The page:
Joho the BlogJune 2006 - Joho the Blog

June 30, 2006

Our new car

[NOTE: Read the note at the bottom of this post where I explain that it was our fault, not the Yaris’. Now we’ve had it for a few weeks, and we’re enjoying it, and it’s been trouble-free.]

Our ’96 Saturn bit the dust a few days ago. After seriously considering a $4000 Jetta that turned out to need $2200 in work, we bought a brand new Toyota Yaris.

That was yesterday.

This is today:

Yaris being towed

It intermittently doesn’t start. It’s as if the battery is dead, except: 1. It starts without problems sometimes; 2. It has failed to start after having been driven for 45 minutes continuously. I’m no car guy, but the intermittency of it bothers me if only because the Gods of Perverseness just about guarantee that it’s going to start fine at the dealer’s.

It’s a manual transmission, so an intermittent failure to start is particularly dangerous: Some of the people in my family have been known to stall in traffic. (Ok, me too.)

I haven’t found any serious starting issues discussed on the Web by Yaris owners, so it’s likely that this is just one of those problems things put together by humans have. And until it stopped starting (which is preferably to its starting to stop) it was fun to drive, the back seat is roomier than you’d think, and it gets 34 mpg in town and 40 mpg on the highway, if the Feds are to be believed. Not to mention that it’s red.

The dealer, Toyota of Watertown, has acted honorably about the whole thing so far. [Tags: ]

It turns out that it was totally our fault. You have to push the clutch waaaaay in for the starter to start. further than you have to push it in to disengage the clutch. What a bunch of schmucks we are. But, the dealer has been kind. I assume they are only mocking us behind our backs.


Greatest Bloody Sunday

Found at Pink Dome thanks to Andy Oram:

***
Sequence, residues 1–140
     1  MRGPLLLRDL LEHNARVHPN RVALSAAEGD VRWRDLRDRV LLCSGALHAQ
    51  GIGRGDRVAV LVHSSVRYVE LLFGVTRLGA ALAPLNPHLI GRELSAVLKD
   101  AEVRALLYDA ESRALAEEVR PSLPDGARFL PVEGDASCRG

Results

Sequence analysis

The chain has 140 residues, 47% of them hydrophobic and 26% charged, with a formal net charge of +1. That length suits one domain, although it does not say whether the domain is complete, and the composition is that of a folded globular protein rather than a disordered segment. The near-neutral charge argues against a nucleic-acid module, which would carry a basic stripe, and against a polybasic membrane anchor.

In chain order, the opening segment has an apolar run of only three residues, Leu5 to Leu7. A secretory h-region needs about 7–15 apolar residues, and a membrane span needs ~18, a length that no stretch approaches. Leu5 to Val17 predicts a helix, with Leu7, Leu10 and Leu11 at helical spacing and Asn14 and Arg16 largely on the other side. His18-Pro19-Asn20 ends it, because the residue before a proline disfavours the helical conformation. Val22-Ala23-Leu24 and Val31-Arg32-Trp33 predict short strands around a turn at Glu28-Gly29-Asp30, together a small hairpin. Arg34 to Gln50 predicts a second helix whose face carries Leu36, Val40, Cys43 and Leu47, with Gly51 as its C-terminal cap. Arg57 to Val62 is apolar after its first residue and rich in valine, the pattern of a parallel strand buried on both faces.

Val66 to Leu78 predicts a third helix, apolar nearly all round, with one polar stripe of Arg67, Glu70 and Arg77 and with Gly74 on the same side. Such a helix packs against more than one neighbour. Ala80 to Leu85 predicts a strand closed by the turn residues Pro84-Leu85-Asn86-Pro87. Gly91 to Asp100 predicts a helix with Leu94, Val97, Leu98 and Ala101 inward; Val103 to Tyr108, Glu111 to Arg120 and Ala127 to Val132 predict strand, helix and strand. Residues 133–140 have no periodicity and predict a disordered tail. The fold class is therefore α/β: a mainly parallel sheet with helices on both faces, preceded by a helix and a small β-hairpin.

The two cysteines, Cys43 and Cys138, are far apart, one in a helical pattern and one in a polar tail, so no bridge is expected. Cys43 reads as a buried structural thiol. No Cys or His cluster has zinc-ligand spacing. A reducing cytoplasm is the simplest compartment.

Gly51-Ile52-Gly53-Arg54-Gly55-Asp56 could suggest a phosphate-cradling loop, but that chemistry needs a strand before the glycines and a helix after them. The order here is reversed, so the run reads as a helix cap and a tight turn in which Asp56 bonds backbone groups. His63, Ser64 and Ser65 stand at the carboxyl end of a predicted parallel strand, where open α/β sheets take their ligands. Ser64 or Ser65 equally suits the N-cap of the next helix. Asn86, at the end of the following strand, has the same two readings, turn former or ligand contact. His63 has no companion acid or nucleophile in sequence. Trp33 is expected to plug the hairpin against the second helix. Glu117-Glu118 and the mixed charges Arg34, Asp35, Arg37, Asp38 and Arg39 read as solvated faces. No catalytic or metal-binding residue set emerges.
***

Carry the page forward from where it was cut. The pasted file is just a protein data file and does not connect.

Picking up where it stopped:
Omigod. [Tags: ]

You can add your name and good wishes to the virtual birthday card the Republican National Committee is sending to our President on July 6. You’ll have to make a campaign contribution first, though. Great idea! That’s how I’m going to manage my next birthday!


Kerry blogs to save the Internet

Sen. Kerry blogs about why he opposes the Commerce Committee god-awful Internets bill. Yay.

It’s a good post. It doesn’t sound like him.

Of course, who knows what John Kerry really sounds like? [Tags: ]

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June 29, 2006

Pictures as tags

Dan Bricklin does a great job explaining what makes StyleFeeder — just acquired by Top10Sources — especially interesting. Briefly: StyleFeeder lets you grab an image off a page and use it as a tag for remembering the page and for letting others quickly browse. It’s designed especially for bookmarking products you’re interested in buying, but there are other applications as well.

(You know you’re a geek if you assumed “StyleFeeder” was about CSS, not about clothing.) [Tags: ]


How I saved the Internet

Sen. Ron Wyden is going to fillibuster to try to derail Sen. Steven’s godawful, sell-it-all-out, death-to-the-Internets telecom bill. Go Sen. Wyden!

By the way, my wife and I are responsible for Wyden getting elected. When we were living in Portland, Oregon for a year, Wyden was running for Congress for the first time. My wife called his office with a question about his platform, and Wyden called her back and talked for about twenty minutes. As a result, we campaigned door to door for him. So you can see why I take responsibility for every good thing Ron Wyden has done as a congressman and then a senator. The bad votes are, of course, his own responsibility.